Mike Mattingly wasn’t sure what he was expecting, but it wasn’t quite this.
The chaplain coordinator with the Billy Graham Rapid Response Team—who has deployed more than 20 times since Hurricane Sandy in 2012—spent almost a month in Louisville, Miss., where the Mobile Command Unit was first utilized after a late-April tornado ravaged the area.
“I don’t know who had the vision for that thing,” Mattingly said, “but that thing turned out very well.”
Parked next to the Samaritan’s Purse Disaster Relief Unit, the Billy Graham Rapid Response Team’s Mobile Command Unit provides a place for first responders to come and get away from the chaos of the disaster.
It’s also a place for refreshment, both spiritual and physical, with cold water and hot coffee at the ready.
“One of the main reasons [for the Mobile Command Unit] was to give a respite to first responders,” Mattingly said. “We always had coffee [Peets Coffee] or water or iced tea and people would come in and sit down and visit and talk and we’d pray with them.”
In a month’s time, 29 crisis-trained chaplains serving in Louisville prayed with more than 1,600 area residents. Many of them were first responders and other residents who came by the Mobile Command Unit, parked at the Louisville Coliseum, which served as the city’s major distribution center for supplies.
“It’s some of the best ministry we’ve had because that command unit was there,” said Al New, deployment manager with the Rapid Response Team. “I think just having the Billy Graham name on the side of the truck attracted people.”
“That name [Billy Graham] on the side, it resonated with people,” said Mattingly, who deployed with his wife, Pookie. “You would see the name on the side of that command truck and there’s no question that brand carries an image and everybody seemed to know it.”
Often times, after picking up supplies and food from the shelter, Louisville-area residents would stop by and want to share their story. A common opening included an experience from a Billy Graham Crusade, either in person or watching on TV.
“Most everyone who came had some kind of recollection,” Mattingly said. “Or they had a mother or father or grandmother that spoke highly of Billy Graham.”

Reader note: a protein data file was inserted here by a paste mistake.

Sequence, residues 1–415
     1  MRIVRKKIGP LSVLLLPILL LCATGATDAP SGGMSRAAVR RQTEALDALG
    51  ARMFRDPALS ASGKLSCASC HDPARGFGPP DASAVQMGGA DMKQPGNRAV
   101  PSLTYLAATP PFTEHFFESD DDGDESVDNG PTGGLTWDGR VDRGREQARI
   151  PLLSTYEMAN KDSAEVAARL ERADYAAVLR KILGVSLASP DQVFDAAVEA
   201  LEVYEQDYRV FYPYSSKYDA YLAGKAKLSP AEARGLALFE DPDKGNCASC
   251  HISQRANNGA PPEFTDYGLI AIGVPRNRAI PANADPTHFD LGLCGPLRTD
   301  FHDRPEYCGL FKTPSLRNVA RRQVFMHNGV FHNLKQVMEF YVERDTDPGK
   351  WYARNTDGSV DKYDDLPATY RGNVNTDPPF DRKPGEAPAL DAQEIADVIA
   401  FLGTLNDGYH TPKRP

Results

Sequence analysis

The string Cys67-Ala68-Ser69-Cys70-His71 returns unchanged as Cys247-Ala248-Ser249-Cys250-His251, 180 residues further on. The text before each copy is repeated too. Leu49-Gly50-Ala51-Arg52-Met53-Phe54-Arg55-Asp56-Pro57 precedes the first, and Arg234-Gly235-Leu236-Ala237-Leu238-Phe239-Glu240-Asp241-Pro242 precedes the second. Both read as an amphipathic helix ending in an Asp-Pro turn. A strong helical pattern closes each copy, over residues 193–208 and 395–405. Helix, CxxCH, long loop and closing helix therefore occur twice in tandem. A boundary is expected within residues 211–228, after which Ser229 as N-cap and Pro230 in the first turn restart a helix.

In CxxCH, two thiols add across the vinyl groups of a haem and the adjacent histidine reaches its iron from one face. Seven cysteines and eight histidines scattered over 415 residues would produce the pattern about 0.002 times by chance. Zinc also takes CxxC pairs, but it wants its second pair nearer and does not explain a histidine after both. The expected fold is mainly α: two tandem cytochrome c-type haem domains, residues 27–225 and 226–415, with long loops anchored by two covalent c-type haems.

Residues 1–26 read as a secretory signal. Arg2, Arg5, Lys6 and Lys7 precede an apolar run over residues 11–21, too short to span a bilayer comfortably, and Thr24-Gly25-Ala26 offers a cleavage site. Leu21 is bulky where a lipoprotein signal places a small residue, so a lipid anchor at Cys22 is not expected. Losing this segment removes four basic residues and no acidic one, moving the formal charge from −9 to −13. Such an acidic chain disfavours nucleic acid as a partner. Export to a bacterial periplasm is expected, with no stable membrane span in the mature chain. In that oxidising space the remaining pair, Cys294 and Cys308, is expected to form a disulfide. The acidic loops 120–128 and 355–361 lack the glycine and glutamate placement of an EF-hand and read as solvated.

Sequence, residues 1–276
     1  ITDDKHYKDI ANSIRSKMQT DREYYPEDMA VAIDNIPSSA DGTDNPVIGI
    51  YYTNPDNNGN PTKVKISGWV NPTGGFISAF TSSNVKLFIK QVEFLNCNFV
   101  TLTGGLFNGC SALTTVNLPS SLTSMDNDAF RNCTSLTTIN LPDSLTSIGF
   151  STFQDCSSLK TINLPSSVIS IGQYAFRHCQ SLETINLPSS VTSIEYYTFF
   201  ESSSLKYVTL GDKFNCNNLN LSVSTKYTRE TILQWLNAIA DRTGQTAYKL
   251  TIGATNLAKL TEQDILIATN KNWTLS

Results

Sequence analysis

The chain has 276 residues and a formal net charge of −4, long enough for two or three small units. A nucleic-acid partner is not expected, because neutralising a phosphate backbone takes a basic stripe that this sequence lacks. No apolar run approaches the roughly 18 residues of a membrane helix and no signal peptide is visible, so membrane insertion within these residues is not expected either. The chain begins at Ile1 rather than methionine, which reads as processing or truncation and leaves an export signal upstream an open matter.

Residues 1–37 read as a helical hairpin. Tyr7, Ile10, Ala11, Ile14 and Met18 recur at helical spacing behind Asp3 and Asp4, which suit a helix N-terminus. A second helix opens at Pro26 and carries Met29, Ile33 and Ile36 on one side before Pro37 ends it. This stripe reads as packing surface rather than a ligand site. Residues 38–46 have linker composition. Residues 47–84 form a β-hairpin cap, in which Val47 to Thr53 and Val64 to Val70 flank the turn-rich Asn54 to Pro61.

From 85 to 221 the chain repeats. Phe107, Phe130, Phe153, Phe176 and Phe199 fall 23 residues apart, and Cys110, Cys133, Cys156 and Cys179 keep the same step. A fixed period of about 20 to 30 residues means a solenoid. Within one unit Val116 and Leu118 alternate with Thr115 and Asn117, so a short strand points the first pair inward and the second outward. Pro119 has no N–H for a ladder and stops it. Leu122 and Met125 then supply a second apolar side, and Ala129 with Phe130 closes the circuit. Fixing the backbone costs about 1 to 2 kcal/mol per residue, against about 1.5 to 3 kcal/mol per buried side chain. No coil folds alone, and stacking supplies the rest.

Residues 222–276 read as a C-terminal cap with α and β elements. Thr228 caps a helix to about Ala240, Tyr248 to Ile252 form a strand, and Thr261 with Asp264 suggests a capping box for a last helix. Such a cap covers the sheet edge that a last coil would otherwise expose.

The command unit is hard to miss. It’s painted black with a logo for the Billy Graham Evangelistic Association in bold red and white lettering. It’s also large in scope with seating for 27 people inside and includes tables to work on, which several first responders took advantage of.
“One was a state police sergeant who would come in and do his paperwork on the desk,” Mattingly said. “We got to be good friends with him.”
Several firefighters and EMT workers also came by, but it was the police department where word spread quickly. Many were in search of a well-deserved break from directing traffic and chaos around Winston County, where hundreds of homes were destroyed and nine people lost their lives.
“First responders are right in the thick of it,” Mattingly said. “They simply need some place they can go where it’s quiet and they can get away from the struggles and crisis.”
The key to utilizing the Mobile Command Unit, according to both Mattingly and New, is location. Being welcomed to park at the location of the distribution center opened so many doors.
And, of course, timing is always of the essence.
“Those first two weeks are critical in getting yourself exposed and connected with people,” Mattingly said. “Getting people back up on their feet. That’s when they’re hurting the most and that’s when you can do the most good.”
Where is the Rapid Response Team? Click here for an updated deployment map.